Among them, SGSD with the first strategy (hereinafter referred to as SGSD1) and the second strategy (hereinafter referred to as SGSD2) measure the separation performance based on the diarization results of the SSD system itself, and SGSD with the third strategy (hereinafter referred to as SGSD3) uses the clustering-based method as a benchmark to measure the separation performance of SSD system. Through the above three strategies, we can detect the utterances with poor separation performance in SSD system.

3 Experiments

3.1 Experimental conditions

The training set of the separation model in SSD system was simulated on Librispeech [librispeech]

dataset. We randomly selected two utterances from different speakers in Librispeech dataset and mixed them to obtain the simulated training utterance. In this paper, we simulated about 250-hour training data. To verify the effectiveness of the proposed method, we conducted the experiments on the realistic conversational telephone speech (CTS) dataset from development set and evaluation set of DIHARD-III Challenge

[dihard3]. Both sets contain 61 utterances with each utterance consisting of a 10-minute conversation between two native English speakers. The overlap ratio of the development set and evaluation set is 11.9 and 10.5 respectively, which is quite large in the two-speaker domain. We compared the proposed method with VBx system [but] and referred to the configuration used in recipe111https://github.com/BUTSpeechFIT/VBx/tree/v1.0  DIHARDII published by BUT speech team. In the separation part of SSD system, we used the asteroid toolkit [asteroid]

to train a Conv-TasNet as separation model. We trained the model for 75 epochs on 3-second long segments. The learning rate was set to 0.001, and the batch-size was set to 6. Adam

[adam] was adopted as the optimizer. Moreover, WebRTC VAD222https://github.com/wiseman/py-webrtcvad with 30ms hop length was employed in the detection part. In SGSD1, we set the minimum ratio of the duration of two speakers () to 40 . In SGSD2, we set the highest overlap ratio () in SSD results to 20 . In SGSD3, we set the maximum relative deviation () to 26 . These thresholds were determined based on the development set. Diarization error rate (DER) [DER] was used as evaluation metric in our experiments. It consists of computing speaker error, false alarm and missed speech. We included all errors in calculation of DER. In addition, we didn’t set any forgiveness collar during evaluation.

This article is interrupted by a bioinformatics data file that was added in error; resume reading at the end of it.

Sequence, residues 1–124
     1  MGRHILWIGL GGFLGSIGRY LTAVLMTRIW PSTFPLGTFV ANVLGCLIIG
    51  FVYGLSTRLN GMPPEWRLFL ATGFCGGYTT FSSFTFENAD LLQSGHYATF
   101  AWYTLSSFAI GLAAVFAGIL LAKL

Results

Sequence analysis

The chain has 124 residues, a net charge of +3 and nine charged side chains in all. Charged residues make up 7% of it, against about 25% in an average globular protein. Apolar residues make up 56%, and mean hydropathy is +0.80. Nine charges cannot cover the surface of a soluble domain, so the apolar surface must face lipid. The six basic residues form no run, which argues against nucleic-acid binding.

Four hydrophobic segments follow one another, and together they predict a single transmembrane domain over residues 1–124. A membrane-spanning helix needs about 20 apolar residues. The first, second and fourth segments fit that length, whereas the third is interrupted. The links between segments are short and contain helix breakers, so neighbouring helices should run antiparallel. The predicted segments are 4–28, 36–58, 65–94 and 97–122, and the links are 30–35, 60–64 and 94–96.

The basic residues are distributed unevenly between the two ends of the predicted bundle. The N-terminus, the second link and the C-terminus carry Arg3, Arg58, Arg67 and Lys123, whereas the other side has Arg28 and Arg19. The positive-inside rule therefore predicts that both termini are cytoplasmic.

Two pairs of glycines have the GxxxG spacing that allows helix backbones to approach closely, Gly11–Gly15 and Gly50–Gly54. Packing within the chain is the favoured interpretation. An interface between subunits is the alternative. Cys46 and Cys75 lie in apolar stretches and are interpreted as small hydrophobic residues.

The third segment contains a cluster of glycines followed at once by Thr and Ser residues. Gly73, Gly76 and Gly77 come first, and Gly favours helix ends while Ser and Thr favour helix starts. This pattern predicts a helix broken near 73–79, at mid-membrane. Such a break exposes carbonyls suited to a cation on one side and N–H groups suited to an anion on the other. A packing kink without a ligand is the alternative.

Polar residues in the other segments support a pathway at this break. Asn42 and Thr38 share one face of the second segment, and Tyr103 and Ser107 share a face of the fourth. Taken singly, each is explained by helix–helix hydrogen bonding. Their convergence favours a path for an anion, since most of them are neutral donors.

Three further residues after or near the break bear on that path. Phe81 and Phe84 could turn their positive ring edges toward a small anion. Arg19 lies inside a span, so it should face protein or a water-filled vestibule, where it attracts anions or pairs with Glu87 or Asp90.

(a) Successful case (DER = 4.6 )
(b) Failure case 1 (DER = 42.5 )
(c) Failure case 2 (DER = 82.4 )
Figure 3: Spectrograms and diarization labels of speech segments from three selected utterances in SSD system (the rectangles mark the regions which were falsely separated) . Case (a): SS successfully separates a two-speaker mixed utterance, Cases (b) and (c): two SS failures.

3.2 Analysis of SSD system under mismatched conditions

Although we used the powerful Conv-TasNet based separation model in SSD system, the separation performance was still unstable due to the mismatch between simulated reading style training set and realistic conversational style test set. In order to propose suitable selection strategies, we analyzed the different cases of separation results in SSD system. Fig. 3 presents the spectrograms and diarization labels of 10s speech segments from three selected utterances which belong to different cases. Fig. 3 (a) shows a successful case where the separation result has a clear relationship with the diarization label. In this case, the DER is quite small (DER = 4.6 ). Fig. 3 (b) shows the failure case where the speech segments of different speakers are assigned to the same stream, which leads to a large speaker error (SpkErr = 36.1 ). Fig. 3 (c) shows the failure case where the speech segments of one speaker are assigned to two streams, which leads to a large false alarm error (FA = 78.1 ). From these cases we can see, in SSD system, successful separation will yield the good diarization results while failure speech separation will lead to a large speaker error (failure case 1) or false alarm error (failure case 2). In addition, we found that there was a strong relationship between the speaker gender combination and diarization performance in SSD system as shown in the bottom of Fig. 1. For utterances with different gender combination (Male-Female), the SSD results are often better than CSD results. Conversely, for utterances with the same gender combination (Female-Female or Male-Male), the performance of SSD system is often very poor. As we know, the same gender speaker mix is more difficult to separate than the case of different gender mix in speech separation [gender]. We can observe the consistency between SSD and SS performance, which also verifies that poor separation results will cause the degradation of SSD system performance as mentioned in Section 2.3.